The Red Sox did all they could to make Jonathan Papelbon a starting pitcher, even going to spring training with him in that role after a rookie season in which he'd accumulated a 0.92 ERA out of the bullpen.
The Red Sox did all they could to make Justin Masterson a starter, too, stretching him out in spring training a year ago and only sending him back to the bullpen after Daisuke Matsuzaka came off the disabled list for the first time. When Masterson was traded to Cleveland, he went right into the Indians' starting rotation and even struck out 12 in a complete-game gem in his final start of the season.
Masterson and Papelbon both have the workhorse frame necessarily to be successful starting pitchers. Standing 6-foot-4 and 6-foot-6, respectively, both have the necessary physical traits to withstand the grind of 35 starts and 200 innings in a season.
Since starting pitchers inherently are more valuable than relief pitchers simply because they pitch more innings, the Red Sox did all they could for as long as they could to keep the option open of putting both pitchers in their starting rotations.
That hasn't been the case, though, with Daniel Bard.
Much like Masterson and Papelbon, the 6-foot-4, 200-pound Bard began his ascent in the Red Sox organization as a starting pitcher. He was a starter for three seasons at North Carolina and was seen as a starter long-term -- that is, until he turned in a 7.08 ERA in 22 starts in his professional debut in 2007.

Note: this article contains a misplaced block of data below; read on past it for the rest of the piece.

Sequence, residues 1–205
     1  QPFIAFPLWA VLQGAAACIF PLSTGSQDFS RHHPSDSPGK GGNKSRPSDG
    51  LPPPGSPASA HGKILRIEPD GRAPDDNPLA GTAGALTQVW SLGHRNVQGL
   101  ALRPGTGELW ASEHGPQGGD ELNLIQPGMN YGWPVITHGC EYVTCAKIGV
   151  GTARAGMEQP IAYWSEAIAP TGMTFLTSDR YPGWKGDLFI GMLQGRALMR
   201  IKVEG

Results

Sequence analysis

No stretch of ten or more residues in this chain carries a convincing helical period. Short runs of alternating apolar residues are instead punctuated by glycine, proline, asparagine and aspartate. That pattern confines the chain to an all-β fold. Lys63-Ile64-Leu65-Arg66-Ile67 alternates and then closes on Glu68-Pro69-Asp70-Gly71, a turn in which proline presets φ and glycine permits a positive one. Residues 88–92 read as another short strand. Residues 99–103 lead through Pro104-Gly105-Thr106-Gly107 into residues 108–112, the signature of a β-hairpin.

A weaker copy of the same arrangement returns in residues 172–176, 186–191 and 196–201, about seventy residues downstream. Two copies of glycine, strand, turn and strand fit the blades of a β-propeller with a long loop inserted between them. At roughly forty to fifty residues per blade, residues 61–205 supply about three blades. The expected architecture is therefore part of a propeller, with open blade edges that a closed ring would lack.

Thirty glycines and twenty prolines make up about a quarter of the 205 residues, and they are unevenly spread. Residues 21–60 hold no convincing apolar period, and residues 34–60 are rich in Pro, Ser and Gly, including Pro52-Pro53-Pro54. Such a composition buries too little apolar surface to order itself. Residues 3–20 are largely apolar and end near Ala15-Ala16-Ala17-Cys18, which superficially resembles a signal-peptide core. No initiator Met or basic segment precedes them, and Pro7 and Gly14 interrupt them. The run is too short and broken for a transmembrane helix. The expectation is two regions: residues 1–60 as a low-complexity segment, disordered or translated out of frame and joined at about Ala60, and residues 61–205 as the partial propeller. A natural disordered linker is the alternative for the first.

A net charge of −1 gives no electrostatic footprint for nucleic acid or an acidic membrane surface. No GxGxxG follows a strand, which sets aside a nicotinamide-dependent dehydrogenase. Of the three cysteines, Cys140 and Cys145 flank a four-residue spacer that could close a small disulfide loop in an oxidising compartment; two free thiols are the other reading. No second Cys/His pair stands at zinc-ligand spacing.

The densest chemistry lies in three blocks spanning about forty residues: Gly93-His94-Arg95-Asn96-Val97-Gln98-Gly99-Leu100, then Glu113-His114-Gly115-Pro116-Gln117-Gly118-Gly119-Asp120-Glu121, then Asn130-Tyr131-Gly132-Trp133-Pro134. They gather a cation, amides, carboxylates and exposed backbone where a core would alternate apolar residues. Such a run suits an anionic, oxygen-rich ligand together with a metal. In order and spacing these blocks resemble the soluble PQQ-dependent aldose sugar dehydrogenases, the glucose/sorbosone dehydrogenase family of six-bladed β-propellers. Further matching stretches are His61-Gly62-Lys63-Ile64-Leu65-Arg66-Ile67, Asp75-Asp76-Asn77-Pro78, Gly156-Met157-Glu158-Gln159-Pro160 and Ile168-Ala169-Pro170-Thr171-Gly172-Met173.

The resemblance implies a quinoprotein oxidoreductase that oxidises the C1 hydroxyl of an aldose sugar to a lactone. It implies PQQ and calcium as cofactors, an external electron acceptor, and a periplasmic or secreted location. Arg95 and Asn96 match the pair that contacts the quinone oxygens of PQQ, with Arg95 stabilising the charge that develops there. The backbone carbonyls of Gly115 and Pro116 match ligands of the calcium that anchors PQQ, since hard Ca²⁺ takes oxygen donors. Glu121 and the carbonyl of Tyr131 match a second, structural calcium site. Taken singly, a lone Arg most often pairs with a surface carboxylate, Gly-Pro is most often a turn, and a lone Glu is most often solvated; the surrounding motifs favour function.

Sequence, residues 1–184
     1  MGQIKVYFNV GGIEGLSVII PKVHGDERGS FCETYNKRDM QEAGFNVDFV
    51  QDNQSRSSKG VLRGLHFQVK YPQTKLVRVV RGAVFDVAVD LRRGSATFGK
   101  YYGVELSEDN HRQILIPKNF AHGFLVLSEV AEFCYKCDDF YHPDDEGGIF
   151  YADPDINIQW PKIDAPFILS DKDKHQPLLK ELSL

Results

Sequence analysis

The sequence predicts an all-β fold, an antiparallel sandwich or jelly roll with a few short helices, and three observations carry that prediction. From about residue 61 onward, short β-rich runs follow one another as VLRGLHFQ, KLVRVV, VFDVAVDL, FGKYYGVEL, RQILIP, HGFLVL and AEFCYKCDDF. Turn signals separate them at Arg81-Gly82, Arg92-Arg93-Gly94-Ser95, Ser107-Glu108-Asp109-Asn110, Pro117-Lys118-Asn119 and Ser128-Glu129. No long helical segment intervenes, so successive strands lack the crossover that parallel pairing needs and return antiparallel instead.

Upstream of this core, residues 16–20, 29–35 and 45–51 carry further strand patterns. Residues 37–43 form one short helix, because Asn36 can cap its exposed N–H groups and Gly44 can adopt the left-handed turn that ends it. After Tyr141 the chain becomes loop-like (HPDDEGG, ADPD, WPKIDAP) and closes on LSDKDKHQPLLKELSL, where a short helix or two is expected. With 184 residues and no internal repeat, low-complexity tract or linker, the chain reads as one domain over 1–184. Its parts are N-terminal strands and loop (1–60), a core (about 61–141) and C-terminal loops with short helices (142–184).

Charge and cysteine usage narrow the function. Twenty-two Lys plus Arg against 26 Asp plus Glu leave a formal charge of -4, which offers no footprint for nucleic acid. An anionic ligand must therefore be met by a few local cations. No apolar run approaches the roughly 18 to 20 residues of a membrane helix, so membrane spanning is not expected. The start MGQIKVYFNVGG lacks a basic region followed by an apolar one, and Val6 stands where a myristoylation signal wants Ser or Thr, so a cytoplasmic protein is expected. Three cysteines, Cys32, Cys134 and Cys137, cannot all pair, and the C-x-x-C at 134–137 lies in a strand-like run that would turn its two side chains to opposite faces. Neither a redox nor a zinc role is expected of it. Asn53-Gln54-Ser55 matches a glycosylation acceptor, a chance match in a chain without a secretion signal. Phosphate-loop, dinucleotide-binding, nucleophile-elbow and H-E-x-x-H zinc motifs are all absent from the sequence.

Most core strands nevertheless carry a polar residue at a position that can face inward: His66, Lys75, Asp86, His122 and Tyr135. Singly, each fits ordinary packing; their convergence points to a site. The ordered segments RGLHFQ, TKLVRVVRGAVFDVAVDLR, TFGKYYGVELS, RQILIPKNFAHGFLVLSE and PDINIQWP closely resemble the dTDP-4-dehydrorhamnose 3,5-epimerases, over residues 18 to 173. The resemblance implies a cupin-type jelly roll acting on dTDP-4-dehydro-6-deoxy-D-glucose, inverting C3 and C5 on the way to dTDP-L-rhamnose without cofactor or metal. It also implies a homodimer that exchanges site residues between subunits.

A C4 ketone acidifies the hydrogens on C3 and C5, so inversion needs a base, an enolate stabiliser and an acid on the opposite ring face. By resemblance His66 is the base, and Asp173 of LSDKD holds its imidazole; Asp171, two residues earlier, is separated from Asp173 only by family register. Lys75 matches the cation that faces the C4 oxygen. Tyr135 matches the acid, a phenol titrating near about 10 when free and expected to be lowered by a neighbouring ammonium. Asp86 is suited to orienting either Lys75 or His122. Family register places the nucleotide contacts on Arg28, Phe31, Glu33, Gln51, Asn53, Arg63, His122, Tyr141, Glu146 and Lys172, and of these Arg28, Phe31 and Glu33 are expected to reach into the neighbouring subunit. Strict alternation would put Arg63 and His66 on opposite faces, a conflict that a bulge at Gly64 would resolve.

The Red Sox then sent Bard off to the Hawaiian Winter League to get in some work as a relief pitcher. Upon his return, he compiled a 1.51 ERA in 46 appearances split between Single-A and Double-A in 2008, striking out more than one-third of the hitters he faced.
At that point, the Red Sox seemed to abandon the idea of making the live-armed righty a starting pitcher, fast-tracking him to the major leagues as their next power-armed reliever.
It's not as though the Red Sox need another starting pitcher next season. The addition of John Lackey means Terry Francona will go into spring training with six starters expected to be healthy and ready to go, and Bard will have far more of a chance to make an impact out of the bullpen than he would have as a starter.
It's curious, though, that a team that put so much effort into making starting pitchers out of Masterson and Papelbon -- even, in both cases, after they'd had success as relievers at the major-league level -- hasn't done the same with Bard.
"I haven’t talked to the team about it at all," Bard said on Wednesday, reached by phone while en route to the site in Georgia where he'll get married on Saturday. "As far as I know, I’m a reliever, and I’ll prepare that way. But the changes I’ve made and the things I’ve learned over the past two or three years, they’ve made me a lot better of a pitcher and could translate to being either a starter or a reliever. A lot of it is just mentality. If the day came when I was called on to start again, I think I could handle it, for sure. I would be up to the challenge.
"Right now, I’m a reliever, and I’m happy to be where I’m at. Until I hear something different, my goal will be to be the best reliever I can be. ... I don’t see it happening in the near future, but you never know."